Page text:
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Extract the uses of imagery in Sonnet 2.

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coockie | Student, Undergraduate | (Level 2) eNoter

Posted June 14, 2010 at 9:00 PM via web

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Extract the uses of imagery in Sonnet 2.

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lynnebh | High School Teacher | (Level 3) Senior Educator

Posted June 14, 2010 at 11:26 PM (Answer #1)

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I am assuming you are referring to Sonnet 2 by Shakespeare, no?

When forty winters shall beseige thy brow,
And dig deep trenches in thy beauty's field,
Thy youth's proud livery, so gazed on now,
Will be a tatter'd weed, of small worth held:
Then being ask'd where all thy beauty lies,
Where all the treasure of thy lusty days,
To say, within thine own deep-sunken eyes,
Were an all-eating shame and thriftless praise.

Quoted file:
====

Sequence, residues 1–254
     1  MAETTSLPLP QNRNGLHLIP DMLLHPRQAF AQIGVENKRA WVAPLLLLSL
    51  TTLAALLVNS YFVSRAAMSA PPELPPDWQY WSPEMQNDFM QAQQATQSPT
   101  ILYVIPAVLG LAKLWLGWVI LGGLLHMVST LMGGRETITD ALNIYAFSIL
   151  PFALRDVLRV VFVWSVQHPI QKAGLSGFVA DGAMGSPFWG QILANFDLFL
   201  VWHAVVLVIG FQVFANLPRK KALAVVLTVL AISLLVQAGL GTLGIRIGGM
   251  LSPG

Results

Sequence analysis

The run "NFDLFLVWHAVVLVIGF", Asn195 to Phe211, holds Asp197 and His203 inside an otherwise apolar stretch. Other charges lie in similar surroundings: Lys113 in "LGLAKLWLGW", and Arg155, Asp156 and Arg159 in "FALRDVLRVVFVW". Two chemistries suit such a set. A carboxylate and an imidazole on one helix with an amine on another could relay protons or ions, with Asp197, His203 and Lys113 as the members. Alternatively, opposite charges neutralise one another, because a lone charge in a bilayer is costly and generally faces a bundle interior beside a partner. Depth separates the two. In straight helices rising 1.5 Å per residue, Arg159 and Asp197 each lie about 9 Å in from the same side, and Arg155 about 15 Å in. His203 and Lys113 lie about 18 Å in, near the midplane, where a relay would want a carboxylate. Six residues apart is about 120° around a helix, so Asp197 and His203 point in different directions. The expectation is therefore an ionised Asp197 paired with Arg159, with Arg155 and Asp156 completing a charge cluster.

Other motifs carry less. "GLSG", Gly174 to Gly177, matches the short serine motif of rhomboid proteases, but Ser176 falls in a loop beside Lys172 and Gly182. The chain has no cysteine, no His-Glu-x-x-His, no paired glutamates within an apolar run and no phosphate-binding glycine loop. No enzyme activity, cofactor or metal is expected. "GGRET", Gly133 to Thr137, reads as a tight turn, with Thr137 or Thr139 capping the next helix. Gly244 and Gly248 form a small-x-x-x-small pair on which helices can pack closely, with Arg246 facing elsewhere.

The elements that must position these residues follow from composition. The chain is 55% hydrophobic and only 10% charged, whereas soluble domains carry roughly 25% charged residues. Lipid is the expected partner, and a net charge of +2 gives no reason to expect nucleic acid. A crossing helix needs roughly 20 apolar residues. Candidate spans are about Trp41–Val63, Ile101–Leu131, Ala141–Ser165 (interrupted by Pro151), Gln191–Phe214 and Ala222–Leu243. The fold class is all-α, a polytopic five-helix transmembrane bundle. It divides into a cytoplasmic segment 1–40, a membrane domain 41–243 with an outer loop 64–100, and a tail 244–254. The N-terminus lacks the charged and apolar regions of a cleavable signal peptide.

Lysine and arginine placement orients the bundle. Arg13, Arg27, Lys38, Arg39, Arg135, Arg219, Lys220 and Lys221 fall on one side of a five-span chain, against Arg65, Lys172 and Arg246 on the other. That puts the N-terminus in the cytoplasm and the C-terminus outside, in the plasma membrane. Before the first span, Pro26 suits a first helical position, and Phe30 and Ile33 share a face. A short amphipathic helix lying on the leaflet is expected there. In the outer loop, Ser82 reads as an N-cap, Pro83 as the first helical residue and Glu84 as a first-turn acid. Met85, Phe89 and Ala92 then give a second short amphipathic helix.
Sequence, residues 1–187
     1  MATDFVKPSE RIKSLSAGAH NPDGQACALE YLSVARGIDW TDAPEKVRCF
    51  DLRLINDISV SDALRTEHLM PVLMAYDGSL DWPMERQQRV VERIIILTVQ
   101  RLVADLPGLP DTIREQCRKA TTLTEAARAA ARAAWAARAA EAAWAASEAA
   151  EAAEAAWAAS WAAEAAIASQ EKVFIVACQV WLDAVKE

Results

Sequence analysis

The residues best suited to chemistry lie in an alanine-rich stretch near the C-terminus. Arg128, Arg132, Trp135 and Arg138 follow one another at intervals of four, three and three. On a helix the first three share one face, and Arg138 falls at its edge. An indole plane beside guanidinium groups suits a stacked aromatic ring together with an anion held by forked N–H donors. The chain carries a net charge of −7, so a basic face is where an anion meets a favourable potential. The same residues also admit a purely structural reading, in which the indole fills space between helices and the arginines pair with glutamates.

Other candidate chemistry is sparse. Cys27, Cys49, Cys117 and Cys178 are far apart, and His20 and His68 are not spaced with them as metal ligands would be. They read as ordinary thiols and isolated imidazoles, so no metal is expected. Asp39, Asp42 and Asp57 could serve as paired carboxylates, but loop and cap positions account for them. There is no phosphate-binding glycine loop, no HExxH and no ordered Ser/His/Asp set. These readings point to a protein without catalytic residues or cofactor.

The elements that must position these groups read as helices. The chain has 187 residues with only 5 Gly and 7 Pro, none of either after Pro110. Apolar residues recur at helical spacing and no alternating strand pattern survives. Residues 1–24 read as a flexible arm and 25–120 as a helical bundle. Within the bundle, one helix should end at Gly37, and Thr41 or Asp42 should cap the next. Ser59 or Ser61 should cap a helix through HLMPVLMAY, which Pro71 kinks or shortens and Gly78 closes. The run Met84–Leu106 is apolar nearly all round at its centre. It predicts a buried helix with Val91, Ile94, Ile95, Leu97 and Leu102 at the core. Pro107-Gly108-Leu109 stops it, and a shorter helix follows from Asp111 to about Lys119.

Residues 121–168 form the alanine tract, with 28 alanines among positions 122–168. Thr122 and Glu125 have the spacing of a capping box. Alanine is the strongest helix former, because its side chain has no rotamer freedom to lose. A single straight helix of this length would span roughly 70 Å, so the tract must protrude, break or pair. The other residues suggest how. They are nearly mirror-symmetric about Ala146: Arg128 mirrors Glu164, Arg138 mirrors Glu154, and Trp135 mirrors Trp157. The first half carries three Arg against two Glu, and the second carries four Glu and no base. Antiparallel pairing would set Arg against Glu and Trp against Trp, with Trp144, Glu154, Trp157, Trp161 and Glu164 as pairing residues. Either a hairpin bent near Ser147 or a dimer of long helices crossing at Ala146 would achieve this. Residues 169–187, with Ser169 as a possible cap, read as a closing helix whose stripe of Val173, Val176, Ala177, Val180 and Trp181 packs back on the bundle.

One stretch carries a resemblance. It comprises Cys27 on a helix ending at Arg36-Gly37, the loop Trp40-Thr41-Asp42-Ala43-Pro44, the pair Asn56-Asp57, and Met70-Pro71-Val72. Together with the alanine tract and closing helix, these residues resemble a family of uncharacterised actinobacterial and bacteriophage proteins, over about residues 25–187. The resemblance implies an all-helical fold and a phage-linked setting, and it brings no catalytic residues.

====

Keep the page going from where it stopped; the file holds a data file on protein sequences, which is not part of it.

How much more praise deserved thy beauty's use,
If thou couldst answer 'This fair child of mine
Shall sum my count and make my old excuse,'
Proving his beauty by succession thine!
    This were to be new made when thou art old,
    And see thy blood warm when thou feel'st it cold.

If I tell you that this poem is about growing old, you should be able to pick out the images. I will help you get started.

Look in the first two lines. What do you think this image is? What are the 40 winters? Winter is a season that implies old age, everything is dead. So the person is 40 years old. What are the "deep trenches" in the brow? Wrinkles!

The question being asked is "What will you have to show for yourself when you are 40 years old?" Your youth will become a "weed" (another image). The answer is that it will not be your beauty, because by then, your eyes will be "deep sunken" and not too beautiful. What will be your legacy? Not your looks. But...........if you have a child, then your beauty will live on. It will not be a fading sort of beauty. It will be a beauty that transends physical beauty.

Now you should be able to pick out the rest of the images.

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